The JLC W.I.N.N.E.R. acronym stands for:

be Well,
get Inspired,
find New opportunities and ideas.
feel Empowered,
Reach out & Share Change with your community

Jennifer plans to become a certified instructor through the Professional Association of Therapeutic Horsemanship International (PATH, Int.) to teach at-risk youth how to interact with horses in unmounted activities. In addition, Jennifer’s husband Trevor is a natural environment technician who has training for wilderness life skills, plant and tree identification,  wildlife observation,  as well as surveying and survival skills.

Broker sponsored newspaper ad

Aviva Insurance Broker ad taken out for Justice Love ‘n Care

“I have worked with youth in group homes, in a youth detention centre, as well as with women in federal prison,” says Jennifer, who currently works as a community facilitator with people who have acquired brain injuries.  While volunteering at the prison, Jennifer was part of a healing circle, as well as the community integration team with the Canadian Mental Health Association.  She developed a group that was approved by Corrections Canada called LAM – “Looking After Me.”  LAM’s focus included establishing healthy relationships, reaching one’s dreams with a realistic plan with small steps, finding supports, budgeting, volunteering and giving back to the community, understanding triggers for different feelings and behaviours,  and maintaining physical health via nutrition and exercise.

The milestones have not stopped.

Jennifer also wants to create awareness of the horrific horse slaughter industry – a morass of cruelty and corruption – where animals that are unfit for human consumption and never designed to be part of the food chain are slaughtered mostly for export from Canada.  To that end, she diligently attended the Ontario Livestock Exchange auctions (OLEX) in Waterloo, Ontario most weeks for several months and began gathering statistics that showed who was buying these horses and other animals, and what breeds were either being rehomed or sold to kill buyers and sent to slaughter.  Minis, standardbreds, drafts, arabs, quarter horses, haflingers , fjords,  paints, donkeys, llamas and alpacas are all sold at OLEX – an auction where many weanlings and yearlings are also sold and,  according to her stats,  roughly 50-80% of all the equines go to slaughter.  Sadly,  Jenn has made note of quite a few “meat only” horses,  including mares heavy in foal.  Baby colts are often sold for $5 to kill buyers,  who sell them to slaughterhouses.   She has become well known for these very-detailed statistics that also capture the average prices for horses that are sold every week.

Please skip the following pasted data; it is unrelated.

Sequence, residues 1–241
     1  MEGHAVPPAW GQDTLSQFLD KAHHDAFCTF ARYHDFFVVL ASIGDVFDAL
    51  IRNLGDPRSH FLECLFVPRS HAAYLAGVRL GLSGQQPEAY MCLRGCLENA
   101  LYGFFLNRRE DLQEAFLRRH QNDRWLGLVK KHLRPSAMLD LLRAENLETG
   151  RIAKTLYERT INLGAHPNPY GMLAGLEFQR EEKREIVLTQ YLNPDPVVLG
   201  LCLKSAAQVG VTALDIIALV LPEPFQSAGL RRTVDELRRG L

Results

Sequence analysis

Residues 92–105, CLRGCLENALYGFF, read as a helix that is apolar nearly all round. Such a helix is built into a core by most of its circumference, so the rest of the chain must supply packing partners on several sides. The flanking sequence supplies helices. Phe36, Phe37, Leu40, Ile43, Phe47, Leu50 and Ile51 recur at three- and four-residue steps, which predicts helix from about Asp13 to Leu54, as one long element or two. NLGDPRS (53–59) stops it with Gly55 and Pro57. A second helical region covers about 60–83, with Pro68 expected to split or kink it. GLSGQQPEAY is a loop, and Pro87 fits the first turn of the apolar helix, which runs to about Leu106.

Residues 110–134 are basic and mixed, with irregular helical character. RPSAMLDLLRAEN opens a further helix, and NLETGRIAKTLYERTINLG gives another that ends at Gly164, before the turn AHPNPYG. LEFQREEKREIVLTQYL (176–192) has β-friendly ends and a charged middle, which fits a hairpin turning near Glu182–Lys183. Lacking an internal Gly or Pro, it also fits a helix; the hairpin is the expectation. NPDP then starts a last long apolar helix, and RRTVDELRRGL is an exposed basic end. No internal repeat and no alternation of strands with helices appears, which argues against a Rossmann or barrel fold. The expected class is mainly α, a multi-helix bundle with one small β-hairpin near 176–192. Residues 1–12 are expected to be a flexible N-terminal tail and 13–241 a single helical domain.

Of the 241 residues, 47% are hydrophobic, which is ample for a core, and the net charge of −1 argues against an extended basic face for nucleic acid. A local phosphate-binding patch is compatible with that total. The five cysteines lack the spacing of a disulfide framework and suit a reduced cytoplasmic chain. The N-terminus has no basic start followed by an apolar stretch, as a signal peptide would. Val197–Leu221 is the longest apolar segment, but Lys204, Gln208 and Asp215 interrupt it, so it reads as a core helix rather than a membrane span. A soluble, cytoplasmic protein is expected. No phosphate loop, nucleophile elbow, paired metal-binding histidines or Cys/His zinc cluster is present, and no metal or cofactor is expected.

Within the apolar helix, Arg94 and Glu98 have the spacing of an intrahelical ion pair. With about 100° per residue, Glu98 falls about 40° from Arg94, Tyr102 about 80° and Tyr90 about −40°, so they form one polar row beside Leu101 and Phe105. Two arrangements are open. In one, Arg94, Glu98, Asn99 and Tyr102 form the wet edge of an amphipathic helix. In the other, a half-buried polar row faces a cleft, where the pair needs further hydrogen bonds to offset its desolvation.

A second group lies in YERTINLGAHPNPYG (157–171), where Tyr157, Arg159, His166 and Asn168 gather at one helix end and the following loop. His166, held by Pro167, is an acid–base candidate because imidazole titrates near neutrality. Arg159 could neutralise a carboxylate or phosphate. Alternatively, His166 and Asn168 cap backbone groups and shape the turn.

poppy and jazz

Poppy and Jazz were adopted in the most serendipitous way! One Saturday, a woman by the name of Sandra called. She knew these girls. They used to belong to a friend of hers named Judy. Several years ago Judy was diagnosed with stage 4 ovarian cancer. Judy fought for her life, and even went to Mexico for treatment in hopes of being cured. Judy died from this horrible disease. Before she left his world, Sandra promised Judy to find a home for her beloved donkeys. Friends of Judy said that she felt relieved her donkeys would be safe. That was her biggest concern before she passed away. Sandra did find a home, but there was only a verbal contract. The new family was not able to keep the donkeys any longer. They were sold to a couple who ended up sending them to auction at OLEX.
At first Sandra cried tears of sadness for what Poppy and Jazz have been through together- moved, separated previously for a few weeks due to an emergency with Poppy. Now she is excited and happy- to keep a promise.